After interacting with quite a few aides, I have found that many fall within these categories:

1. “ I really just don’t know.”  – This person just arrived here from someplace else so they are not familiar with the customs and the things that are available here.

2.  “They are just really that dense.” – In this situation some people just need to be told what to do at every instant. This is fine if you like to micromanage; however it’s not ideal if you can’t be around to supervise every moment.

3. “They are just lazy.” – This person doesn’t want to do what’s asked of them so they pretend that they don’t understand or do much and they slack off and wait for you to say something to them. However, we all know that they’ve been trained to do the basic personal and household care for the patient and know to refer to the ever popular “care plan” provided by the visiting nurse from the Agency.

4.  “The good worker.” – They are willing to work hard and operate from the heart by paying attention to what the patient needs and operate as they would do for themselves in their own home. There may be some additional training needed here, but once they get on a regular routine they do just fine and some will go the extra mile for the patient.

I have found that the best way to deal with an aide coming to work in your home is to assess the situation at hand and have a guide and/or outline, if not written, in your mind of how you want things run in your home while you are there and especially when you aren’t able to be around.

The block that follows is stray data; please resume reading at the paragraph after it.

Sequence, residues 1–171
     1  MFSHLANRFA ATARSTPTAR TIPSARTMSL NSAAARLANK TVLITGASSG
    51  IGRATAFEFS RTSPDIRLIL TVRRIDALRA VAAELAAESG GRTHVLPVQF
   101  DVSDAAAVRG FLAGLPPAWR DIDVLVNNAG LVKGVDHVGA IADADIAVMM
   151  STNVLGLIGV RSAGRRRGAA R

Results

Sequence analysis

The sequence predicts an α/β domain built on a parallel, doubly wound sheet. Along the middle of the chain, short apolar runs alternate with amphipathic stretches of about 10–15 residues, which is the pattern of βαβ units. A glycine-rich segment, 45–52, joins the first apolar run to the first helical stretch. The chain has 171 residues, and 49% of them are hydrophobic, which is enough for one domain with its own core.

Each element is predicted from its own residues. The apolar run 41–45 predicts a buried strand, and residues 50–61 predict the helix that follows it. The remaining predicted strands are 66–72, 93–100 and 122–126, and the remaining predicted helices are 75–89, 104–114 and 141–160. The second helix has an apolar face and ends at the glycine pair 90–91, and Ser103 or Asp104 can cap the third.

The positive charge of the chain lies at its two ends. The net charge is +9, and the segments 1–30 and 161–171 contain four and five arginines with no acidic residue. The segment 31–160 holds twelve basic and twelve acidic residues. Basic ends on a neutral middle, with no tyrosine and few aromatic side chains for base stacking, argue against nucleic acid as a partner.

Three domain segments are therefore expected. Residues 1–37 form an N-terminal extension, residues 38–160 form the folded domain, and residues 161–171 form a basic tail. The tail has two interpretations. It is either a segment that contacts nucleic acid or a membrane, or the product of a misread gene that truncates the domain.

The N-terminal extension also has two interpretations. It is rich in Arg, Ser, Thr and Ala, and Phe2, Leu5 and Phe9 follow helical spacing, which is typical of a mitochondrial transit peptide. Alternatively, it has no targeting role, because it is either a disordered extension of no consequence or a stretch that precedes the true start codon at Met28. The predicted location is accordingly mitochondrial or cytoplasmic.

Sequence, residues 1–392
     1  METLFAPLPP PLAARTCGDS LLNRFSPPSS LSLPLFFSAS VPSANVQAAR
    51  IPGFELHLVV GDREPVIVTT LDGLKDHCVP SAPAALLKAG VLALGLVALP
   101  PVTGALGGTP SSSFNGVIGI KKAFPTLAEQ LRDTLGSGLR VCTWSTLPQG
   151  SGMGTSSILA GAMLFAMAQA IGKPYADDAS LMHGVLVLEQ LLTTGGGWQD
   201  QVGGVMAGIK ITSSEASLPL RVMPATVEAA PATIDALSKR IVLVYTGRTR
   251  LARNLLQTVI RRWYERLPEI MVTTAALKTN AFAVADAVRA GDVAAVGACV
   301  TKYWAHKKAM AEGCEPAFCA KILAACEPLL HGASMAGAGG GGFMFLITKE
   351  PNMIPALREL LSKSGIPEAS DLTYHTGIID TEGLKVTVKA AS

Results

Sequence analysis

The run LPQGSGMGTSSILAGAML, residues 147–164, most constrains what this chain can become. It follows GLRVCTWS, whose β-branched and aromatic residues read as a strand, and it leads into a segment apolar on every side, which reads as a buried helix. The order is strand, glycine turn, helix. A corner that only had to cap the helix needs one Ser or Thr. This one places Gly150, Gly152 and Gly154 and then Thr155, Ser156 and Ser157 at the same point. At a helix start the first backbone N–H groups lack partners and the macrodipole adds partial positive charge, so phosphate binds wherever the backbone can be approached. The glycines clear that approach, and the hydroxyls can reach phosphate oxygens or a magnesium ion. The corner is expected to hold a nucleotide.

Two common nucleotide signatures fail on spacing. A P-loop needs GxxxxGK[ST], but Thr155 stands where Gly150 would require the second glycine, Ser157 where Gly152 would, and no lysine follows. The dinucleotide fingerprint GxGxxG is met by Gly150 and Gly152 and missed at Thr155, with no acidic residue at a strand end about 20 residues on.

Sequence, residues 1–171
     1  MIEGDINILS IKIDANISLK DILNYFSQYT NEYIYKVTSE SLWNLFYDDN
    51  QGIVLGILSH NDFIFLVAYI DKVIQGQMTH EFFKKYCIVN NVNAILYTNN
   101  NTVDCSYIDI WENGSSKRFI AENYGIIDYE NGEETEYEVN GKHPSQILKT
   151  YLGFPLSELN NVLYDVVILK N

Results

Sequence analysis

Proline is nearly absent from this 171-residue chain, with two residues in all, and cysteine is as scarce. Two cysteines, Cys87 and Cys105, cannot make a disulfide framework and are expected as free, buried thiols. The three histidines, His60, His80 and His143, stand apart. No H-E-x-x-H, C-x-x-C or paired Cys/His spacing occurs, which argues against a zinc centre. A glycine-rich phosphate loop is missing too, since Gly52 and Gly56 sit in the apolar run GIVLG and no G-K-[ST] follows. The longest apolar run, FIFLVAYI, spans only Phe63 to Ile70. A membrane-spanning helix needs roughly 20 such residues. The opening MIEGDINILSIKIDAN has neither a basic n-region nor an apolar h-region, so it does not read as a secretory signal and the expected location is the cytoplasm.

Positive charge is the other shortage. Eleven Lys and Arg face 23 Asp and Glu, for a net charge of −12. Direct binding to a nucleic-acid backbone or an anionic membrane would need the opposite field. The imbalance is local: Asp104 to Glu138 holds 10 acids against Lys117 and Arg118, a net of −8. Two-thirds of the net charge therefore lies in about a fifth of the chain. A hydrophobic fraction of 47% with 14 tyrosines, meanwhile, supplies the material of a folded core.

Keys to a happier and more productive household:

If this aide will be permanently around, it’s best to outline the guidelines for your home and share your expectations upfront. Basically go through a few things and lay out the duties and responsibilities with the aide. Even if they do know what to do, don’t assume, I recommend that you still review these things to ensure that you are setting the stage and the expectation. If there is something that you don’t like that’s being done, I would advise that you provide constructive feedback by offering some praise such as you do such a great job with this and that etc., but I would like you to do xyz going forward. Give a solution or a suggestion that doesn’t tear down the person or make them feel like they did something terribly wrong, unless they did commit a major faux pas (in which case you need to contact the agency immediately.) I learned this technique from my Toastmasters club. It’s called the sandwich approach and it works well in a variety of situations.